Manitoba

Human rights museum fundraising reaches $136M

The group raising money for Canada's new human rights museum says it has collected $136 million in donations to date, but it still needs to raise at least $14 million more.

Fundraisers still at least $14M short of goal

A group raising money for the Canadian Museum for Human Rights in Winnipeg says it has raised $136 million in private donations to date, with at least another $14 million that it wants to collect. 1:47

The group raising money for Canada's new human rights museum says it has collected $136 million in donations to date, but it still needs to raise at least $14 million more.

The Friends of the Canadian Museum for Human Rights announced Tuesday that it has raised $6 million from the private sector in the past year, bringing the total to $136 million.

Stuart Murray, the museum's president, said what the group has achieved so far is nothing short of amazing.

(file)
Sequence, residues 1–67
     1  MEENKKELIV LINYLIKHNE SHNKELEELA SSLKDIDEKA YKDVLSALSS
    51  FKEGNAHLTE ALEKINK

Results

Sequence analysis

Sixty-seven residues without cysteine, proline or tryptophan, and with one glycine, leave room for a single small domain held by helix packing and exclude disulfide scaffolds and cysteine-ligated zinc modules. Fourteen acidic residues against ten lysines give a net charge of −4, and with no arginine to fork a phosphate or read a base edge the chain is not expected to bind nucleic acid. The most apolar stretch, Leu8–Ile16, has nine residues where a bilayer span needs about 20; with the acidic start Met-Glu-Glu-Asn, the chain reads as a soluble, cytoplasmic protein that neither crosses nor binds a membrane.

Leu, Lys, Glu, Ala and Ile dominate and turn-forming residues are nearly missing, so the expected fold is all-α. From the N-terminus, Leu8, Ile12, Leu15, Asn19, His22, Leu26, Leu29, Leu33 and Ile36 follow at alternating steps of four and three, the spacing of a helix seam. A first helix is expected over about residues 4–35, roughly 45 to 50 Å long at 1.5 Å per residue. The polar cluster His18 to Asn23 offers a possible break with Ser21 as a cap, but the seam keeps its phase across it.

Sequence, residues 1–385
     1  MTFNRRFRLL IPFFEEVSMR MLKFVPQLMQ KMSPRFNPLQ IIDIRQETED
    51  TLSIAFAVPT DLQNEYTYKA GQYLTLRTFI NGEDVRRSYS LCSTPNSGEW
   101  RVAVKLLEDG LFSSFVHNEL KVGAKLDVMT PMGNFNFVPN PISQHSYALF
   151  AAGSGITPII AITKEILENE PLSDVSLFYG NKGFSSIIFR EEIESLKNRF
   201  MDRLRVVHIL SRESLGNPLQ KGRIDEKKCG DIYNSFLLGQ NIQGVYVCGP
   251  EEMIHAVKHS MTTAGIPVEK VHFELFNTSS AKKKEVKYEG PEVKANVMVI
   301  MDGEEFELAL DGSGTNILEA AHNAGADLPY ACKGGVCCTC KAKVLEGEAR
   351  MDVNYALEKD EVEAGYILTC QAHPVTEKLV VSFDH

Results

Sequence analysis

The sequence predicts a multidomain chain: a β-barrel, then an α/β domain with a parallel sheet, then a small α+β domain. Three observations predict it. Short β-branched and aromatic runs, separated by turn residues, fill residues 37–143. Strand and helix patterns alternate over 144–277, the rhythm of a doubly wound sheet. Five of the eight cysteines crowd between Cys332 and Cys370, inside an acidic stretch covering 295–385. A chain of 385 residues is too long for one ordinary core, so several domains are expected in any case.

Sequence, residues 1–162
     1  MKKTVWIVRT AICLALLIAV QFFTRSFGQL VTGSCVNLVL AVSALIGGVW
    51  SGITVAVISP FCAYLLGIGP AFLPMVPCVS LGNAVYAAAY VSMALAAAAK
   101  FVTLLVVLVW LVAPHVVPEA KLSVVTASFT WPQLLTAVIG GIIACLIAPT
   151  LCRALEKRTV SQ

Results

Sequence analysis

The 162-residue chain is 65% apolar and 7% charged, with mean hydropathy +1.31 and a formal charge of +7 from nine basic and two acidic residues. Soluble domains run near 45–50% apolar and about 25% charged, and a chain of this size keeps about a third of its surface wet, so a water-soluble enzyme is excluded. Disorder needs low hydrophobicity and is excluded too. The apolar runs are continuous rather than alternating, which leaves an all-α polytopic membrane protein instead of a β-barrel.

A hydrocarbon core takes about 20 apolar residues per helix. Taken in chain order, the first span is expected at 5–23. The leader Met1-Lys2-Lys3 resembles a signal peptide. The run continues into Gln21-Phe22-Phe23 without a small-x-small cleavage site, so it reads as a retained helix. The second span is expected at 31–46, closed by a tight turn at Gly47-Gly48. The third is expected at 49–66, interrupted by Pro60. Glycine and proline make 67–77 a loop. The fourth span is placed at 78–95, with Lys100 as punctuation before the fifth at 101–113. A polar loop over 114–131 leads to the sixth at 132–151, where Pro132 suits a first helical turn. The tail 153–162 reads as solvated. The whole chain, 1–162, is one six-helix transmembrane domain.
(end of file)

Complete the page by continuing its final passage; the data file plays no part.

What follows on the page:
"It's unprecedented. I mean, they've raised $136 million. I think that that has to be acknowledged as something that's incredible," he told reporters.

"This is unbelievable, what they've done. And because of that, this museum is going to be spectacular."

Some of the money has come from students at École Selkirk Junior High School, who have raised at least $32,000 over the last two years by auctioning off hand-crafted guitars that have been autographed by celebrities.

The national museum is already under construction at The Forks in downtown Winnipeg, and organizers have been closing in on their goal of $150 million in private donations.

"No uncertainty now at all — we are totally off to the races," said Gail Asper, the group's national campaign chair.

"Why we're celebrating now is honestly, in 12 years, we haven't had this kind of funding certainty. This is what we've been waiting for."

The museum has run into cost overruns and the Manitoba and federal governments stepped in this summer with a loan and a loan guarantee.

Asper said fundraisers may have to raise even more money to pay interest on their provincially backed loan, depending on how quickly the last of the money is raised.

Asper said the museum will open in 2014, regardless of how soon the remainder of the cash is raised, because of the government backing.

Manitoba Premier Greg Selinger told reporters that the province has no new plans to contribute more money to the museum project.

With files from The Canadian Press